THE Chief Rabbi has no regrets about the guide to the wellbeing of LGBT+ pupils in Orthodox schools that he published last September.
Although he is uncompromising about the fact that the Torah forbids LGBT+ relationships, Rabbi Ephraim Mirvis insists: “It is not a reason to drive somebody out of our community.”
He said he had been “very moved” by the response to the guide from around the world.
During a wide-ranging interview, he declared: “I lament the fact that because of the attitude we sometimes take within the Orthodox communities, there are those who consider themselves to be LGBT who have been raised in religious and committed homes who feel that they don’t have a home any more within an Orthodox Jewish community and of their own volition they leave.
“We are losing these people to our Judaism. To those who say, ‘We don't mind if they leave’, I counter that every single soul is precious and without condoning what is wrong we need to welcome people in our shuls.”
Rabbi Mirvis continued: “In our shuls, we welcome people who drive to shul on Shabbat even though it is wrong.
“We welcome people who are living in an adulterous relationship, even though it is wrong.
“We welcome people who are cheating in business, even though that is one of the most serious things you can do.
“It’s contrary to our Torah laws. We don’t bar them from being part of a community.
“No two areas of sinful conduct are the same, but the principal is the same, and I very much believe in Torat chesed, the Torah of loving kindness, because that is what our Torah is all about.”
Rabbi Mirvis admitted that there were pupils with LGBT+ issues during his own schooldays in Cape Town, although he didn’t realise it at the time.
“I think it’s happened to all of us, hasn’t it?” he asked. “People I knew, later came out, or something like that.”
He has received numerous comments from people lamenting the fact that no such guide existed while they were at school, saying that things would have been so much better for them.
“But,” said Rabbi Mirvis, “some go further. If only this guide had existed when I was at school, somebody who took their life would be alive today.”
“Basically,” he said, “I’m saying to these people, ‘what you’re doing is wrong. but I respect you as a person and I want you to be part of our community.
“Every school has these issues and if schools claim that they don’t, they are ignorant of what is happening.”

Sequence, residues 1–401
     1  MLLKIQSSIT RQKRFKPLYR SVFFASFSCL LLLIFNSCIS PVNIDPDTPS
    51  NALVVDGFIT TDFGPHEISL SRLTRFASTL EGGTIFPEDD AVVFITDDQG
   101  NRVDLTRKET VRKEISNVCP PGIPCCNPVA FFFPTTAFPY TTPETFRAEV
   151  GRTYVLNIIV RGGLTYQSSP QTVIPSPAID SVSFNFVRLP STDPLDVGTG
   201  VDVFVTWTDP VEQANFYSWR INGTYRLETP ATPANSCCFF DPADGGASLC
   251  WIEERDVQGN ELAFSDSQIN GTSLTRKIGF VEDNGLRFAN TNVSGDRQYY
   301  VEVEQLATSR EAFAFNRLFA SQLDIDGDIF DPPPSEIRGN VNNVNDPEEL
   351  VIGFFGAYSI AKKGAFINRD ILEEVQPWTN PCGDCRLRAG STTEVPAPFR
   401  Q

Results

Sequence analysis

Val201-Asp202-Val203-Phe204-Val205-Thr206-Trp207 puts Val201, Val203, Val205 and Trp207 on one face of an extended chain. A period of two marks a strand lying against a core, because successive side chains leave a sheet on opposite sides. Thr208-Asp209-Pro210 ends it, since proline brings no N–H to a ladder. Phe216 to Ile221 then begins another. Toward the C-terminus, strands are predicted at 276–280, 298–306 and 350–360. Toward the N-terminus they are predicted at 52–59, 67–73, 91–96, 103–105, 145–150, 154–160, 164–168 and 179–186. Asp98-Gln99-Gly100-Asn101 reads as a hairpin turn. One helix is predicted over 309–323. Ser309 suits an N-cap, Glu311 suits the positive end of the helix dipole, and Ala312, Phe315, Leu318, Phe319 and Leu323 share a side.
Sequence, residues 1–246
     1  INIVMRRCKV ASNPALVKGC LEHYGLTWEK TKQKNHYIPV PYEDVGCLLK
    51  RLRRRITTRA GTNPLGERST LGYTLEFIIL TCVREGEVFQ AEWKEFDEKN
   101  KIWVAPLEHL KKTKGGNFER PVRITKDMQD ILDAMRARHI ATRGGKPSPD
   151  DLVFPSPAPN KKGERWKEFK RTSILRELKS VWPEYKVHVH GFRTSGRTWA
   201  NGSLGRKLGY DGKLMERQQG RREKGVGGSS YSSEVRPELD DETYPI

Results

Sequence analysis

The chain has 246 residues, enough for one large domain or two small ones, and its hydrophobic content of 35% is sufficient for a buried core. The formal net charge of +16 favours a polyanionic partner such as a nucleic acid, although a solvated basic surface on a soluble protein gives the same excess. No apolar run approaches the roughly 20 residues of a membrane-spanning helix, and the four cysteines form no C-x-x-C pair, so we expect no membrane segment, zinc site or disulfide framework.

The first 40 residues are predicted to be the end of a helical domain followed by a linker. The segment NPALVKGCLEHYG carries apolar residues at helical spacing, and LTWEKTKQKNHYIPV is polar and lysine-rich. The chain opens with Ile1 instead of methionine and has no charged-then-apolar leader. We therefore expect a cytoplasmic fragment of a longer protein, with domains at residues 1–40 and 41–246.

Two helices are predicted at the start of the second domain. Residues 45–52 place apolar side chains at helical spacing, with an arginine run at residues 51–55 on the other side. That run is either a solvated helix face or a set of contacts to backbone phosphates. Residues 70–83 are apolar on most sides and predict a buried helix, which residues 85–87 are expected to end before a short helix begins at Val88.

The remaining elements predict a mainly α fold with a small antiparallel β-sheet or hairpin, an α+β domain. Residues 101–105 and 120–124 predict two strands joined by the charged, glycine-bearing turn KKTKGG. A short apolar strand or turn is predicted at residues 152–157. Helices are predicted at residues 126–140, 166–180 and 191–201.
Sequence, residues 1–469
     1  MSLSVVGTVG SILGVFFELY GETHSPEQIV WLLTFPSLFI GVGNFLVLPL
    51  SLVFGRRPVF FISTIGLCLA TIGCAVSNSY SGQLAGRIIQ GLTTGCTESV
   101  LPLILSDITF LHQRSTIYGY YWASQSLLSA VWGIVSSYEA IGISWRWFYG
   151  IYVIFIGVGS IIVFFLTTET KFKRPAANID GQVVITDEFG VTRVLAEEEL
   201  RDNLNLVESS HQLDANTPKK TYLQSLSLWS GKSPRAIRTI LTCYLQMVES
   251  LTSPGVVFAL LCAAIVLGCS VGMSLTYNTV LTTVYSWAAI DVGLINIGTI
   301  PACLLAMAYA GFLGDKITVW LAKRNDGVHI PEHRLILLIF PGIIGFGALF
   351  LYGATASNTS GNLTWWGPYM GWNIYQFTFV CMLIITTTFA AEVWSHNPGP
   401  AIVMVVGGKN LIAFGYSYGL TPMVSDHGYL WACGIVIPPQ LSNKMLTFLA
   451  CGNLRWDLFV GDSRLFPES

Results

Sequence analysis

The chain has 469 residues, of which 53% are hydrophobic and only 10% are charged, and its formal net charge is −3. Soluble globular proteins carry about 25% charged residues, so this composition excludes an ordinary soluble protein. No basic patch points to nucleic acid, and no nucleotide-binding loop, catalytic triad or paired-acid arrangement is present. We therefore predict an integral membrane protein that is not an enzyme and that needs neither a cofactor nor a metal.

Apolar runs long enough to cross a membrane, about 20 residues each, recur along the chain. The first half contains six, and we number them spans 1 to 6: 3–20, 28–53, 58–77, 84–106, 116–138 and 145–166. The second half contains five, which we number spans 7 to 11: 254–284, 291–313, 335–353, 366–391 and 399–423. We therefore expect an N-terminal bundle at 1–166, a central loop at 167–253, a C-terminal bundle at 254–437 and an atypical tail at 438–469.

He added that the guide was now being adapted for use in other countries as well as by the Muslim community and the Church of England, which they are using to formulate their own publications.
“I’m so touched and moved that the guide has had a genuine global impact,” he said, agreeing that it had been courageous of him to issue it.
“As Chief Rabbi, I don’t just want to carry out duties, be a functionary,” he said.
“I’m in this privileged position to hopefully help and to ensure that people realise that our Torah is relevant.”
Despite the backlash from some charedi quarters, he insists: “I’m very happy with the global impact.”
He said: “We need to show more compassion. I think it is understanding. I think we need to make it absolutely clear that homosexual relationships are forbidden according to the Torah as I do within the guide.
“The guide does not in any way weaken the Torah stand on what is right and what is wrong. The guide fully supports it and articulates it.”
Describing it as “a significant work within the Jewish world, within Orthodoxy”, Rabbi Mirvis believes it was the first of its kind “to actually put into black and white certain guidelines on a very import and and sensitive issue”.
He stressed that in preparing it, he consulted widely with the dayanim of the London Beth Din and particularly with Dayan Chanoch Ehrentreu.
All, he said, were aware of its content and gave it their blessing.
Rabbi Mirvis conceded that there had been some criticism from people “who obviously haven’t read it, because their criticisms are not based on the real thing”.